How true, Gail. But glad you’ve enjoyed your perfume travels. I love exploring fragrance in a new city.

  • Vasily says:

    The majority of customers SAs encounter are not perfumistas … most of the cusstomers want to buy something because they’ve seen it on TV, or because it has a cool bottle shaped like a naked torso or a brick of gold, because their friends wear it, or because it has that (fresh/apple cobbler/gourmet chocolate/you name it) notes that everyone at the clubs are wearing these days (assuming the customer even knows what a note is). They’re being paid their meager salaries to push products, and the few times I’ve tried asking one for a specific frag I want to try, she/he has said “we don’t have that, but here’s something you’ll like” presumably based on some imagined characteristic of a frag the SA has doubtless never tried. That’s why I buy most of my frags online.

    Regarding bad experiences having consequences many years later, in the late 1950s I watched my father humiliated as an insurance salesman refused him coverage because he was a professional jazz musician; he was told in essence they didn’t cover such because jazz musicians were mostly drug addicts and drunks. I never forgot that, and a few years ago I told a representative of that company (whose logo involves hands) that I would never ever have a policy with them as a consequence. Karma’s a b****.

    • Musette says:

      Oh, Good Grief! You’re kidding right? That stupid agent should’ve ^:)^ to your father – Jazz Musicians are a national treasure – in any nation! [-( Your father should’ve laughed out loud – in his face!

      If your father is still with us on this plane give him a 😡 for me!

      xo >-)

      • Vasily says:

        My father passed away in 1972, but thanks; I’ll give him a :x anyway. That was my first exposure in life to unfairness and bigotry … he was a good man who gave up a successful career (Latin American influenced progressive jazz trio) in the Washington DC area to raise a family in the Midwest.

  • OperaFan says:

    Isn’t it amazing how some of the worst SAs have the greatest longevity in a store? And how lucky that you were given an opportunity to “put things right,” so to speak.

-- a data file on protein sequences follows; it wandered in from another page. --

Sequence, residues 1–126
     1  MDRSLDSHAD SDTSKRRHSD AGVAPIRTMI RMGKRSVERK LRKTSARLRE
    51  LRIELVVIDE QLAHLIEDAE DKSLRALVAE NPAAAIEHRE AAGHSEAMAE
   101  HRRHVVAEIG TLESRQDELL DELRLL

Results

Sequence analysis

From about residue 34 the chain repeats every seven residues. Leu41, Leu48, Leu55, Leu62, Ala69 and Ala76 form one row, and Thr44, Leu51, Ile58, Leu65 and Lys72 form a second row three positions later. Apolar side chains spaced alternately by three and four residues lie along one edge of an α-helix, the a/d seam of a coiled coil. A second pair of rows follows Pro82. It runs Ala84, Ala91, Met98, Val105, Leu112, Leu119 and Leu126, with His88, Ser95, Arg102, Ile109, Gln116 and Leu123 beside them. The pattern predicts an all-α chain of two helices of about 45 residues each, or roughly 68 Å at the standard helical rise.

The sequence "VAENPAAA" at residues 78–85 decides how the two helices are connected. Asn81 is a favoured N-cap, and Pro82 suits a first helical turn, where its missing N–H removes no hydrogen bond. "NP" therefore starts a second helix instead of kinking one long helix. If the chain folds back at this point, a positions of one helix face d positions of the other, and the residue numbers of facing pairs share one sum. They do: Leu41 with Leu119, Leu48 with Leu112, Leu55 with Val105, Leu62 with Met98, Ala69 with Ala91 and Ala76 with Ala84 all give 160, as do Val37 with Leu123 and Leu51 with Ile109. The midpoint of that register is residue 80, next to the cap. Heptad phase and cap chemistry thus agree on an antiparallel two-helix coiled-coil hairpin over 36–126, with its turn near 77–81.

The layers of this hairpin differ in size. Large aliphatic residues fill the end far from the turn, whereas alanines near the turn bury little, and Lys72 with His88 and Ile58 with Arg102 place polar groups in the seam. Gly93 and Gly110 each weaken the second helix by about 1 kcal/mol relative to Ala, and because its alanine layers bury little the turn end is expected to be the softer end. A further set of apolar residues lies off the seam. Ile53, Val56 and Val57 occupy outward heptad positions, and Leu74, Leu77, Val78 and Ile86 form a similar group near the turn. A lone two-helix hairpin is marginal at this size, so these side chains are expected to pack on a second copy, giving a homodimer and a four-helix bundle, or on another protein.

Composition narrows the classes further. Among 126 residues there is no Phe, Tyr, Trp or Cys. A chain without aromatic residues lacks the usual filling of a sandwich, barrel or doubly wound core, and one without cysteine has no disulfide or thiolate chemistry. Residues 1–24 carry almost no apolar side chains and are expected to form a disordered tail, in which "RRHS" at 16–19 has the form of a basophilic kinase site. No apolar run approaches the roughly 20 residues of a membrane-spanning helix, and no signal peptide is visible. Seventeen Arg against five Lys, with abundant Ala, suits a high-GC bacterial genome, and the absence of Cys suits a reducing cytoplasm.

A few weeks ago, I took my teenage stepdaughter to NY’s SFA to see the big-name boutiques at the store. We were dressed for the theater that evening, yet there was a wide range attitudes – some with friendly, welcoming smiles to others who acted as if we weren’t even there. Clearly we didn’t have the tell-tale monied look about us.

    The worst though, was a couple of SAs in the OTR dress dept at BG (this was back in the late ’90s) while I was was trying on dresses for an upcoming wedding. Although on sale for $259, it was still the most expensive dress I would have purchased other than my wedding gown years later. These women were helpful until I asked about their return policy because I didn’t want to be stuck with the dress if I found something I liked better elsewhere. They scolded me and nearly chased me out of the store. Like Illdone, I was so humiliated and so hurt – all for asking an innocent question that I had to write a letter about the incident to the store manager. The letter was brought to the attention of the dept mgr who called me to personally apologize. Although I never went back there to shop for dresses again, I wouldn’t be surprised if those SAs are still working there.

    • Ann says:

      Thanks, OperaFan. Sorry that happened to you. Those kinds of incidents do help you to really appreciate good customer service when you experience it.

  • karin says:

    I had the surreal experience of moonlighting as an SA at the men’s fragrance counter at Filene’s in the Chestnut Hill mall in MA for 5 months in 2003/2004. OMG. The stories I could tell. First off, the men’s counter had the rare privilege of being next to the women’s cosmetics and fragrance counters (usually they’re tucked away in the men’s clothing depts). I worked with ladies who’d been working those counters for 12, 15, 20+ years! They were the funniest women I’ve ever worked with. They’d joke around and laugh ALL DAY. The culture was so different from anywhere else I’d ever worked. As the ladies there said over and over again, “we should write a book.” And well they should. Wish I’d had the insight to jot down their stories and get the thing going…

    From my short experience there, these are the stats – no training AT ALL. None. Zilch. Zippo. Pay rate is laughable (though the long term SAs made more than I did – about $15/hour to my $7). Hours change weekly, so there’s no way to organize your life properly. Mfgs give spiffs (incentives for SAs to sell their products). So SAs often push the products with the best spiffs so they can make more $. While I was there, Hanae Mori was giving $5 CASH (as in the counter mgr hands you a $5 bill) for every bottle sold. There was a guy who worked the women’s fragrance counter, and he’d only push Hanae Mori. Controversial, yes, but he made quite a few $ off of it.